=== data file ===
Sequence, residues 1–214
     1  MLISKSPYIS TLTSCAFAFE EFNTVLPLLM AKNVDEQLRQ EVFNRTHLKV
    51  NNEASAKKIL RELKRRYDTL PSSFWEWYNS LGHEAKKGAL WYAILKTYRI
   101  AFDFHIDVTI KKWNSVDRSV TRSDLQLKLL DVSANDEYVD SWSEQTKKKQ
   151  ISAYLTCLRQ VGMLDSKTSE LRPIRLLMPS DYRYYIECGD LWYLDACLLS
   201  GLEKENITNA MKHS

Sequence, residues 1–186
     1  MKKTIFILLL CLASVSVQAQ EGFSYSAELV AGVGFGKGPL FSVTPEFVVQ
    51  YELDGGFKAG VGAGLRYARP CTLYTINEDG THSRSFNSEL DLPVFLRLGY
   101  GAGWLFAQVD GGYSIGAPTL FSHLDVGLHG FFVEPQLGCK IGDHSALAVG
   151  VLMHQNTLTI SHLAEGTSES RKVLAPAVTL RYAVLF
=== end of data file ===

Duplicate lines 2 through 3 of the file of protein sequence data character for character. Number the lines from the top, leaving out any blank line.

     1  MLISKSPYIS TLTSCAFAFE EFNTVLPLLM AKNVDEQLRQ EVFNRTHLKV
    51  NNEASAKKIL RELKRRYDTL PSSFWEWYNS LGHEAKKGAL WYAILKTYRI